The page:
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dc.contributor.author Ketterson, Ellen D. en
dc.contributor.author Nolan, Val Jr en
dc.contributor.author Wolf, Licia en
dc.contributor.author Ziegenfus, Charles en
dc.date.accessioned 2014-02-21T19:33:16Z en
dc.date.available 2014-02-21T19:33:16Z en
dc.date.issued 1992-12 en
dc.identifier.citation Testosterone and Avian Life Histories: Effects of Experimentally Elevated Testosterone on Behavior and Correlates of Fitness in the Dark-Eyed Junco (Junco hyemalis) Ellen D. Ketterson, Val Nolan Jr., Licia Wolf and Charles Ziegenfus. The American Naturalist , Vol. 140, No. 6 (Dec., 1992) , pp. 980-999. Published by: The University of Chicago Press for The American Society of Naturalists. Article Stable URL: http://www.jstor.org/stable/2462929 en
dc.identifier.uri http://www.jstor.org/stable/2462929 en
dc.identifier.uri http://hdl.handle.net/2022/17323 en
dc.description.abstract Hormones influence many aspects of organismal behavior, physiology, and morphol- ogy, and thus hormones may lie at the root of many life-history trade-offs. By manipulating hormones we can create novel phenotypes (i.e., perform phenotypic engineering) and attempt to relate phenotypic variation to fitness. We report the effect of testosterone treatment on parental behavior and vocal behavior of adult male dark-eyed juncos. Testosterone partially suppressed paternal behavior and increased the frequency of song. When we compared treated males and controls for nine potential correlates of fitness (offspring growth and survival to the age of 10 d, condition of females, length of the interval between consecutive nestings, size of subsequent clutches and broods, mate retention within and between breeding seasons, and survival rate), we found no statistical differences. In some measures treated males outperformed controls, but in most the reverse was true. The power of some of our tests was not great enough to detect small differences. At this stage of our investigation, three interpretations of our results seem almost equally probable: (1) a broad range of behavioral phenotypes is selectively neutral in the junco, (2) male parental behavior is beneficial to males only in some years or habitats, or (3) we have yet to measure the correlates of fitness that are most strongly affected by the behavioral changes induced by elevated testosterone en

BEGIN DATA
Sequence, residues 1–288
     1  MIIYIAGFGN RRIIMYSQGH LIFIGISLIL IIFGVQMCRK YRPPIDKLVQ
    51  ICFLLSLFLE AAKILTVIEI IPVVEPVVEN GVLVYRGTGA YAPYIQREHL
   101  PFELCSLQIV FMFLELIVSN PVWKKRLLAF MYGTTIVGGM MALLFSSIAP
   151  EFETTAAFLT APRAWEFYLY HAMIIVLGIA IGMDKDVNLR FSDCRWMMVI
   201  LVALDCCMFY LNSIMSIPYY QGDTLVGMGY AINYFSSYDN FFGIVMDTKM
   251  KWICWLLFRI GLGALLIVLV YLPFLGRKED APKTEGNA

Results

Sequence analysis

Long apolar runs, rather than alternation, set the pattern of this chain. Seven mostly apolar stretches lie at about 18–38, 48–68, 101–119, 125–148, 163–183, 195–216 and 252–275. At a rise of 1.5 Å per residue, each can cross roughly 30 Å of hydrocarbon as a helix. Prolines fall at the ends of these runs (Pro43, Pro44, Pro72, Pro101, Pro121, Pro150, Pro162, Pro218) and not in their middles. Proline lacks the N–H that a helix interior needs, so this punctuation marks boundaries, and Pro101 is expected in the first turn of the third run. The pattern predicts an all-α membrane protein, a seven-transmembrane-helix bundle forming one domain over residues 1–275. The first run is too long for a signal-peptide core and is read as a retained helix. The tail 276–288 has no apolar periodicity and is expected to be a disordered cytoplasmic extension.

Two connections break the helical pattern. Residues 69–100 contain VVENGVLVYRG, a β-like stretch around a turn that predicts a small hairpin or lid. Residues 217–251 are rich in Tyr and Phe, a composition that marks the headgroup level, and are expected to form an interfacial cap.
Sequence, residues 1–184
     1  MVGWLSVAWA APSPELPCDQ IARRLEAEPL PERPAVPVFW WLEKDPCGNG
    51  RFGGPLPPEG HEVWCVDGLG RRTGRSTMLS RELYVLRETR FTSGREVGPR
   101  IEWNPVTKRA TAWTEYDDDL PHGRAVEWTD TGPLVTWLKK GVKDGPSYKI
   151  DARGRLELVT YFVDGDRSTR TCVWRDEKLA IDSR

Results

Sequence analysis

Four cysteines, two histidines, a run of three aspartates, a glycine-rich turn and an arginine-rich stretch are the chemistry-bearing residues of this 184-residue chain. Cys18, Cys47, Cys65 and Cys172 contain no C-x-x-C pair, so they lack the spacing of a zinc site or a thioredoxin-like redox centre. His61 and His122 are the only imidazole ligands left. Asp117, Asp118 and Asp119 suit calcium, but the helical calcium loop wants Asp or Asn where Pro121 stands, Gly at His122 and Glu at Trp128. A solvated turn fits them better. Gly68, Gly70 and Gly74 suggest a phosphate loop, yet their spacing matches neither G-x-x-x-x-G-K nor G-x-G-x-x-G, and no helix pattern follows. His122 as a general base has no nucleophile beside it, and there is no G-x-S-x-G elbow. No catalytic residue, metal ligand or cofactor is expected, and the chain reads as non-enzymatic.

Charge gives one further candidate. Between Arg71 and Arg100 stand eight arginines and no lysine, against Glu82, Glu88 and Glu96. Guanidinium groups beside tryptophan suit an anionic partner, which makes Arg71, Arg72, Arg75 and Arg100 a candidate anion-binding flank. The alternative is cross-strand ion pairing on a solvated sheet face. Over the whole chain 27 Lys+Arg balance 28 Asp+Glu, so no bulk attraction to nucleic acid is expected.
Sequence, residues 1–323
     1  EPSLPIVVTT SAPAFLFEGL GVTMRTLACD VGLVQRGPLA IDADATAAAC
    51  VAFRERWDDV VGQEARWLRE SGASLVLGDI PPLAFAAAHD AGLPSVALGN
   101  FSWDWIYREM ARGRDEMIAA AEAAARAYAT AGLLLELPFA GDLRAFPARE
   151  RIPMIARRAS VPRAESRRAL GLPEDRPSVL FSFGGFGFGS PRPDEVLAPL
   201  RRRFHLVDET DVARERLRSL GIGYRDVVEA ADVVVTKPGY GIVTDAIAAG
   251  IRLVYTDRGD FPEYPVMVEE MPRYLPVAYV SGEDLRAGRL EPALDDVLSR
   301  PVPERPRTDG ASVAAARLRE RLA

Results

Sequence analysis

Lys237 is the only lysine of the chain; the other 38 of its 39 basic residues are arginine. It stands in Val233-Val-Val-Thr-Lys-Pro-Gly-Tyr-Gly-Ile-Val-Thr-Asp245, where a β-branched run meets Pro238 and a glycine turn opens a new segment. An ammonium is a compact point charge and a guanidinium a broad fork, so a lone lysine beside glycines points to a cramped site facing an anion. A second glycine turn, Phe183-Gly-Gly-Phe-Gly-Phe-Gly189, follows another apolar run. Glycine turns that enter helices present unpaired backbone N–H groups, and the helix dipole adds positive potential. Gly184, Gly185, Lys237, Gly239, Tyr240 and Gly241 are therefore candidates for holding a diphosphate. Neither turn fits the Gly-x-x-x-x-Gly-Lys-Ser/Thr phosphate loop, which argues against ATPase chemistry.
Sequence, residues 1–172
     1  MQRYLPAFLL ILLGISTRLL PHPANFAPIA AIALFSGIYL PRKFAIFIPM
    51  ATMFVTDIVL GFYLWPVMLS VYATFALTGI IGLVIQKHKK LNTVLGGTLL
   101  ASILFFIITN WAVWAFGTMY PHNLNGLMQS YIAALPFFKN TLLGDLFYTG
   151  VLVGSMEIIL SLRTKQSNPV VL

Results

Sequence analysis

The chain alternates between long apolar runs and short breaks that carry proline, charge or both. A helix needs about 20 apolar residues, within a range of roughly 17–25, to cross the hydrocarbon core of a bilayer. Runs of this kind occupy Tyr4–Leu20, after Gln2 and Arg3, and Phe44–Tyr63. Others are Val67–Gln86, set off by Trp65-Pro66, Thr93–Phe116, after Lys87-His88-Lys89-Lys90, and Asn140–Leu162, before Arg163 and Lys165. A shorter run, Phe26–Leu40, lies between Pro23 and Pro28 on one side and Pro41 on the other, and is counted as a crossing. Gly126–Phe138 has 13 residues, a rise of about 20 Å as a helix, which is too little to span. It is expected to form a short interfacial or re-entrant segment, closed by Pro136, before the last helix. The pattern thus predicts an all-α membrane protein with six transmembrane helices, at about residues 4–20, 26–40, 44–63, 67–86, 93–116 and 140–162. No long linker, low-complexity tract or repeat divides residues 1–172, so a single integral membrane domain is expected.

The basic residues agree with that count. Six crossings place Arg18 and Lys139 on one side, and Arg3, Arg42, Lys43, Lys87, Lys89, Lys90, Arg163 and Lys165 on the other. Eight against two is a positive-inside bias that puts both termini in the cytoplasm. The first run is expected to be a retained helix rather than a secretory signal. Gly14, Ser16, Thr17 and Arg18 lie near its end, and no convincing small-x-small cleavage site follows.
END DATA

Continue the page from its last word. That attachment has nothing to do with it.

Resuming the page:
dc.language.iso en_US en
dc.publisher American Society of Naturalists en
dc.rights CC-BY-NC-SA. By downloading this document or using any information contained therein, you agree to the Creative Commons Attribution-NonCommercial-ShareAlike (CC BY-NC-SA) license terms, which explain terms governing use, creation of derivative research, and requirements for citing the document. en
dc.rights.uri http://creativecommons.org/licenses/by-nc-sa/3.0/us/ en
dc.title Testosterone and Avian Life Histories: Effects of Experimentally Elevated Testosterone on Behavior and Correlates of Fitness in the Dark-Eyed Junco (Junco hyemalis) en
dc.type Article en
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